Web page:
Various plant species have the potential to remove cyanides from the polluted environments. These include hybrid willows (Salix matssudana Koidz x Salix alba L.), weeping willows (Salix babylonica L.), basket willows (Salix viminalis), poplar (Populus deltoides), upright hedge-parsley (Torilis japonica), Chinese elder (Sambucus chinensis), snow-pine tree (Cedrus deodara (Roxb.) Loud), water hyacinth (Eichhornia crassipes) and many other plant species (Ebbs et al. 2003; Yu et al. 2004 2005; Larsen et al. 2004; Taebi et al. 2008). However, their remediation ability varies greatly and differs with plant species, age and level of toxin in the environment. Hence, the decision whether to use a particular species for phytoremediation of cyanides should be carefully evaluated before any sound recommendation. In addition, it has also been shown that the removal of cyanide may also be carried out by certain species of micro-organisms through the process of biodegradation (Dubey and Holmes 1995).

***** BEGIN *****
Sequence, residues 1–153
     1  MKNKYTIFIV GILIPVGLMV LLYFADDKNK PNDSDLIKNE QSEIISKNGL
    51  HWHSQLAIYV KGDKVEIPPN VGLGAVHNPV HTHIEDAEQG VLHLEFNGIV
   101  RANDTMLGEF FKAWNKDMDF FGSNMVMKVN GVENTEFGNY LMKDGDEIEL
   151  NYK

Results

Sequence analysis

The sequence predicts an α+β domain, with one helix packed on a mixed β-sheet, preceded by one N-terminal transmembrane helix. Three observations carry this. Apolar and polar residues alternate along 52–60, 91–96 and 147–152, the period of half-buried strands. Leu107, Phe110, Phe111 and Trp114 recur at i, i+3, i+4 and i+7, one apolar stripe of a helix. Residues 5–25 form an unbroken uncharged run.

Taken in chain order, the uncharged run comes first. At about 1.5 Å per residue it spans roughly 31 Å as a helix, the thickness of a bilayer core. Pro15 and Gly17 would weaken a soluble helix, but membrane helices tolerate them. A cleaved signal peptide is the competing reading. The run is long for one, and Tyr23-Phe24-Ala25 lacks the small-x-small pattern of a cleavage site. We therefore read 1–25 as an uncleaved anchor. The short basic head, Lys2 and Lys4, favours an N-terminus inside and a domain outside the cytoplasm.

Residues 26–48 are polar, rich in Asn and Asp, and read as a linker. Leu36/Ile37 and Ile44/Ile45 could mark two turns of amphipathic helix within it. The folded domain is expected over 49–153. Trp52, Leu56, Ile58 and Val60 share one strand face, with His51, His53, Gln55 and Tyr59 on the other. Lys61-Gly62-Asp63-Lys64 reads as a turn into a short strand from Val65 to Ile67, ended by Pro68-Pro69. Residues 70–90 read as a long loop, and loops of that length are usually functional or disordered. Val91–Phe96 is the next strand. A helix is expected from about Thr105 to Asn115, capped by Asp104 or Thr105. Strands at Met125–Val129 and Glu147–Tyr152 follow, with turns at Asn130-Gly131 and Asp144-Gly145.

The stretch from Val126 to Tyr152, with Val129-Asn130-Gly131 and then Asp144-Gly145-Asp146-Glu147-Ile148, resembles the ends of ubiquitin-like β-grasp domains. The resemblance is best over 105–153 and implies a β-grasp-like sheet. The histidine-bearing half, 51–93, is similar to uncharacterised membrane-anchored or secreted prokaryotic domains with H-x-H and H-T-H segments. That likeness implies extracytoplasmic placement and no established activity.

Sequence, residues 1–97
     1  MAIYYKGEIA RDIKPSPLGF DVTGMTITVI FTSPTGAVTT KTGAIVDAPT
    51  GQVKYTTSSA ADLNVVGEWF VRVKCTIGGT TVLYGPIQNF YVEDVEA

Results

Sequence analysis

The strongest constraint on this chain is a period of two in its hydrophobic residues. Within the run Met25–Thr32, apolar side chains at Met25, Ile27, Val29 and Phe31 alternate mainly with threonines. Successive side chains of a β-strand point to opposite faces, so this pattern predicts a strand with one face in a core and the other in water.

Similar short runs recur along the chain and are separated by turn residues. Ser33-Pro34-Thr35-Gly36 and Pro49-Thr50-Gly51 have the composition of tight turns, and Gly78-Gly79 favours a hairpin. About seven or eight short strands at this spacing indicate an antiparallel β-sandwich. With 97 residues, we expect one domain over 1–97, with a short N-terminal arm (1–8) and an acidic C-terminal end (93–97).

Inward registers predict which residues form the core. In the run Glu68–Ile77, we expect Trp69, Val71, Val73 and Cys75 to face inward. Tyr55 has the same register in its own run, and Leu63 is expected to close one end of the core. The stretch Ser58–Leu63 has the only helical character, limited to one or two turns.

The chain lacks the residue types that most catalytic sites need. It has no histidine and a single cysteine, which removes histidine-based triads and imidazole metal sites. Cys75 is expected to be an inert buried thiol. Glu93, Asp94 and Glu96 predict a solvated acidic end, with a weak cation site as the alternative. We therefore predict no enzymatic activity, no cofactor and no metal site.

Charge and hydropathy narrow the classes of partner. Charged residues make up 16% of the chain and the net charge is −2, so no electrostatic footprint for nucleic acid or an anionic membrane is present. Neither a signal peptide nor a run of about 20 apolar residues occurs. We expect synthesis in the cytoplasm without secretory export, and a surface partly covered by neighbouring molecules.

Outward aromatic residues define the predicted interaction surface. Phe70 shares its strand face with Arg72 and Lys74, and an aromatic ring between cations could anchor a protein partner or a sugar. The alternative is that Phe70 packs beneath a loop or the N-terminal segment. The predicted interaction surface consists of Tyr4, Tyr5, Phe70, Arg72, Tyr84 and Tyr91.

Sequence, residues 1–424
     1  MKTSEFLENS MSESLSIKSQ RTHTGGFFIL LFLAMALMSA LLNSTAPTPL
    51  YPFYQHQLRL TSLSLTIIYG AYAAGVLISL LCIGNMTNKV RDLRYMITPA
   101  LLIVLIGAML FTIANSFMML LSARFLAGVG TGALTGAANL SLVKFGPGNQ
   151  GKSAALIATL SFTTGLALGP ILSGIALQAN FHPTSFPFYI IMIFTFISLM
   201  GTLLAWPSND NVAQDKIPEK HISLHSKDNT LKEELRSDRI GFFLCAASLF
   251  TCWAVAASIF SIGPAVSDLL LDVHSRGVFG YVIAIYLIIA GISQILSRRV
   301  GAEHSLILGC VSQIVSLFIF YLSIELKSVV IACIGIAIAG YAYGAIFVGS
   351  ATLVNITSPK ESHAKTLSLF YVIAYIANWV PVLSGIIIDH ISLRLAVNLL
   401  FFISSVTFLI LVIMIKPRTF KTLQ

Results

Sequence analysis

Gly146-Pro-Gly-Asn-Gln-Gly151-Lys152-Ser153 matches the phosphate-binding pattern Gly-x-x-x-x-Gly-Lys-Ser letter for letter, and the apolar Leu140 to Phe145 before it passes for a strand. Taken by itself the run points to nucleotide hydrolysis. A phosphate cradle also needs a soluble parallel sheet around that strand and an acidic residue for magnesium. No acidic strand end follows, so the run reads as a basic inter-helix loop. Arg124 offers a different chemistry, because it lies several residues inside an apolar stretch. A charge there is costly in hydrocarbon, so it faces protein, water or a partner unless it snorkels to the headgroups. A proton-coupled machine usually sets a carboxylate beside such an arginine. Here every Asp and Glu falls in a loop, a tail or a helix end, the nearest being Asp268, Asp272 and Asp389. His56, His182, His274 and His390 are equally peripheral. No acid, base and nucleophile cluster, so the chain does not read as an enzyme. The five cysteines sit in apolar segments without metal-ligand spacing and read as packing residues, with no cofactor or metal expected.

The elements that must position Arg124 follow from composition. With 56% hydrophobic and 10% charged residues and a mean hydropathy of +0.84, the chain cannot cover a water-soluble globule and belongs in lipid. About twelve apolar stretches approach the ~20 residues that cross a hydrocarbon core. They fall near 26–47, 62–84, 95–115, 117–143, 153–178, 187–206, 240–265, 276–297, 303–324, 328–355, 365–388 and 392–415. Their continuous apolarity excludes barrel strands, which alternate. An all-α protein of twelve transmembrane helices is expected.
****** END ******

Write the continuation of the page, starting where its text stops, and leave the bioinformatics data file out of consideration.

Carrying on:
As mentioned earlier, some plant species have the ability to uptake, transport and detoxify the cyanogenic compounds. The basic detoxification mechanism in tolerant species is phytodegradation in which the conversion of cyanides to cyanogenic glycosides is carried out by specific enzymes. This helps these plants to reduce the level of cyanide to non-toxic levels and maintain growth under cyanide polluted environment. In view of a report a small amount of cyanides can also be evaporated through phytovolatilization (Trapp and Christiansen 2003). This postulation was confirmed by the work of Yu et al. (2004) in which it was found that 1.5% of total cyanide fraction could be evaporated through leaves. However, they suggested that this small fraction is not sufficient enough to confirm whether the process of phytovolatilization is involved in the removal of cyanides from contaminated soils. Later, Larsen et al. (2004) did not find a significant relationship between evaporation and removal of cyanides by basket willows. However, they confirmed the involvement of two potential enzymes beta-cyanoalanine synthase and beta-cyanoalanine hydrolase in the ability of willow to detoxify cyanides. This evidence, although insufficient, shows that bioremediation of cyanides from the environments polluted can be carried out mainly by biodegradation and on a limited scale through phytovolatilization.